One student is a promising biochemist spending her summer on a prestigious undergraduate research internship at Stanford University.
Another is a business major equally at home displaying her management skills in campus meetings or on the soccer field as a team captain. Others are aspiring cardiologists, future journalists, teachers and advocates for children with developmental disabilities.
They have published articles, won academic awards, participated in White House conferences.
As president of Trinity Washington University, I’m proud to call all of these young women my students. All of them are “Dreamers,” young people who came to the United States as children with their families.
“The U.S. is where I have grown up, it’s where my best friends live,” one Trinity Dreamer wrote. “I want to be the best, most productive American I can be, and most immigrants want the same thing.”
Sadly, just a few miles away from our campus, President Donald Trump and Republicans in Congress have doubled down on anti-immigrant rhetoric and policies. While the Trump administration has not rescinded Deferred Action for Childhood Arrivals (DACA), an Obama-era policy that offers modest protection for Dreamers to work and go to school, a group of ten state attorneys general recently pledged to force President TrumpDonald TrumpJan. 6 panel faces double-edged sword with Alex Jones, Roger Stone Trump goes after Woodward, Costa over China Republicans seem set to win the midterms — unless they defeat themselves MORE’s hand by vowing to sue the administration if it does not end DACA by September.
The U.S. Attorney General Jeff SessionsJefferson (Jeff) Beauregard SessionsThose predicting Facebook's demise are blowing smoke If bitcoin is 'digital gold,' it should be taxed like gold The metaverse is coming — society should be wary MORE and Members of Congress who want the Trump administration to repeal DACA often demonize these young men and women as criminals, using isolated examples to disparage an entire group. Rather than applauding the research biochemist or aspiring CEO as emblematic of how young immigrants are striving to help make America great, politicians distort the facts and pander to the worst instincts of voters.
Fear has been a constant companion for my students and other Dreamers since the 2016 election. Many are afraid they will be deported to a country they have never called home, or watch a family member dragged away to a detention center.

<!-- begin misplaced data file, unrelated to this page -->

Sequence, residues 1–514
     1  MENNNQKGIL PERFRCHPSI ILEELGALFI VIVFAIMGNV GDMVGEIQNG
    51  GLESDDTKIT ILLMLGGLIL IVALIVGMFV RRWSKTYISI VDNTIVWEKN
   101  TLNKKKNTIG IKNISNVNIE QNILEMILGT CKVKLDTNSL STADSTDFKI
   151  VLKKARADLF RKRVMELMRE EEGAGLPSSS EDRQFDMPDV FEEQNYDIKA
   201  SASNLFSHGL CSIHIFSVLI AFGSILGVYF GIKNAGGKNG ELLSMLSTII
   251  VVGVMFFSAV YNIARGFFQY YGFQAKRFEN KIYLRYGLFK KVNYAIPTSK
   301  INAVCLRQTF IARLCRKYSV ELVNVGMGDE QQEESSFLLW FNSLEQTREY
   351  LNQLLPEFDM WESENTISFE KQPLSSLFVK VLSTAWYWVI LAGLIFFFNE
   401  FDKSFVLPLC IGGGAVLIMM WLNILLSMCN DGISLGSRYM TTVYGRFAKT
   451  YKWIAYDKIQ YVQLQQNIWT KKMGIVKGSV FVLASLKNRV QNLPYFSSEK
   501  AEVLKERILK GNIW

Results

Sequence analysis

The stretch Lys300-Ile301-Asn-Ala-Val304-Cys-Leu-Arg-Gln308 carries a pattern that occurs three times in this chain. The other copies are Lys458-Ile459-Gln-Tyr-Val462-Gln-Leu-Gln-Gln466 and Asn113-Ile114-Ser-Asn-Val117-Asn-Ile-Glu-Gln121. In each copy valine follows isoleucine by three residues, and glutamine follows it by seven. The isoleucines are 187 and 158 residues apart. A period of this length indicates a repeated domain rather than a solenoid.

The same politicians who claim to be ardently “pro-life” think nothing of tearing families apart, deporting people to unspeakable violence and poverty.
Many of these lawmakers advocating for inhumane policies are Catholic, including Speaker of the House Paul RyanPaul Davis RyanNo time for the timid: The dual threats of progressives and Trump Juan Williams: Pelosi shows her power Cheney takes shot at Trump: 'I like Republican presidents who win re-election' MORE (R-Wis.). As a Catholic university, Trinity lives our church’s values. We believe every immigrant has sacred dignity. The U.S. Conference of Catholic Bishops and other religious leaders have urged Members of Congress from both parties to protect these young Dreamers.
Most of us are Americans because some courageous men and women set off from foreign shores before us, making perilous journeys to this country in search of better lives. The American dream of liberty and prosperity for all inspired our Founders and fueled the economic engines that made the United States the most advanced nation in world history.
At a time when U.S. global influence is waning, the Trump administration would do well to reject reckless calls to end DACA.
By protecting and supporting today’s Dreamers, we will do our part in writing the inspiring story of how immigrants have always borne witness to the ever-renewable promise of America’s greatness.
Patricia McGuire is the president of Trinity Washington University.
The views expressed by contributors are their own and are not the views of The Hill.